The Effect of State Workers' Compensation Program Changes on the Use of Federal Social Security Disability Insurance
In addition to traditional forms of private and public medical insurance, two other large programs help pay for costs associated with ill health. In 2007, Workers Compensation (WC) insurance provided $55.4 billion in medical care and cash benefits to employees who are injured at work or contract a work-related illness, and Social Security Disability Insurance (DI) provided $99 billion to individuals who suffer from permanent disabilities and are unable to engage in substantial gainful activity. During the 1990s, real DI outlays increased nearly 70 percent, whereas real WC cash benefit spending fell by 12 percent. There has been concern that part of this relationship between two of the nation's largest social insurance programs may be due to individuals substituting towards DI as state WC policies tightened. We test this hypothesis using a number of different WC and DI program parameters. We first show that this negative correlation between the national series does not hold over time within states, the level at which a causal relationship should operate. We then test how regulatory changes in state WC program parameters impact WC outcomes (intended effect) and DI outcomes (unintended effect). We find no compelling evidence of WC tightening causing DI rolls to increase, and conclude it is unlikely that state WC changes were a meaningful factor in explaining the rise in DI.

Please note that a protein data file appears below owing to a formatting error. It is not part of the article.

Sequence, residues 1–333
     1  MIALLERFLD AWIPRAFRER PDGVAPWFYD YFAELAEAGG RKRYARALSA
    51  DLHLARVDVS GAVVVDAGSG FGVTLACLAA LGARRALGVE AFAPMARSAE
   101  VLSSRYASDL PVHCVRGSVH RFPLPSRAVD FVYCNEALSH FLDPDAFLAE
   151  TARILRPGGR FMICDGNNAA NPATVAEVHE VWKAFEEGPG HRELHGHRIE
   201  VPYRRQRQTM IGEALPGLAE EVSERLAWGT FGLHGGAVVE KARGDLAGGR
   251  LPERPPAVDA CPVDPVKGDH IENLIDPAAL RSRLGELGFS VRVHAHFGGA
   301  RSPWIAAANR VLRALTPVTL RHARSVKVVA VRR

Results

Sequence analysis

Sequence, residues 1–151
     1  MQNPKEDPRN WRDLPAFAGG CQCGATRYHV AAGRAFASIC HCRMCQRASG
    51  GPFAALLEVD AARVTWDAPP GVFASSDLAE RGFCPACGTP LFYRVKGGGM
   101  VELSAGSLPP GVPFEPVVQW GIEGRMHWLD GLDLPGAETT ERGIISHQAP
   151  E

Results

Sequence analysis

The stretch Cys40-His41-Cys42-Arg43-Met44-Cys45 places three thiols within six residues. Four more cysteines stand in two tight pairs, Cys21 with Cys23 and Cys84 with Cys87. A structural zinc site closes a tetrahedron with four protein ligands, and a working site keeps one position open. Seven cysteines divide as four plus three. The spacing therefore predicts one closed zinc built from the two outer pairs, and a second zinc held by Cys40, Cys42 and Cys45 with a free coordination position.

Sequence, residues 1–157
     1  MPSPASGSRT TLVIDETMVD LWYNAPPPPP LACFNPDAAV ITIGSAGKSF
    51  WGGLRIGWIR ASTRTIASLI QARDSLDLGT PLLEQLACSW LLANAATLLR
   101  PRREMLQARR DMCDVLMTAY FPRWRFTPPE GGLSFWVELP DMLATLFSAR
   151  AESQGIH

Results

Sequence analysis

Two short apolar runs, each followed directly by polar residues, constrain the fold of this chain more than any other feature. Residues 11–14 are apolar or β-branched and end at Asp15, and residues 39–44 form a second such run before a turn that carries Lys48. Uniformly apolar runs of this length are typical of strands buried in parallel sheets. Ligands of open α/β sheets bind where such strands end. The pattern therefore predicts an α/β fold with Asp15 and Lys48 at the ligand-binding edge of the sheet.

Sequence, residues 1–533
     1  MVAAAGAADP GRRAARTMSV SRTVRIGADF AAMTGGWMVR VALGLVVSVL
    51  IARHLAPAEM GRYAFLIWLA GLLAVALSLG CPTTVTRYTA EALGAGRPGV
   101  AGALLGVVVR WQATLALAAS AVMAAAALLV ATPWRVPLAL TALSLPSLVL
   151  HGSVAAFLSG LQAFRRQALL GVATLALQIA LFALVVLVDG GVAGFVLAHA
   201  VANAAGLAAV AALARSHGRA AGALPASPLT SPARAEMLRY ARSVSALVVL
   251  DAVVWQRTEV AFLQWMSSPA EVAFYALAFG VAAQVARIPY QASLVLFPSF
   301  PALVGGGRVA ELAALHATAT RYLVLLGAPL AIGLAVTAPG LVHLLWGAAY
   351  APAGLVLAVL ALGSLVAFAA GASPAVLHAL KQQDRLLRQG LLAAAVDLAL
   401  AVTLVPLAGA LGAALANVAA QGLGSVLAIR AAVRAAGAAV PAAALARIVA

Corresponding author acknowledges support from the National Institute on Disability and Rehabilitation Research (NIDRR) through the Cornell University NIDRR Employment Policy RRTC. We thank Richard Burkhauser, John Burton, Xuguang Guo, Andrew Houtenville, and David Stapleton for sharing data that made this project possible. We are grateful to Richard Burkhauser, Susanne Bruyere, John Burton, Mark Duggan, Xuguang Guo, Judith Hellerstein, Andrew Houtenville, and David Stapleton for advice and encouragement. We thank Anna Choi, James Hunsberger, and Aparna Lhila for outstanding research assistance. The views expressed herein are those of the authors and do not necessarily reflect the views of the National Bureau of Economic Research.
MELISSA McINERNEY & KOSALI SIMON, 2012. "The Effect of State Workers’ Compensation Program Changes on the Use of Federal Social Security Disability Insurance," Industrial Relations: A Journal of Economy and Society, Wiley Blackwell, vol. 51(1), pages 57-88, 01. citation courtesy of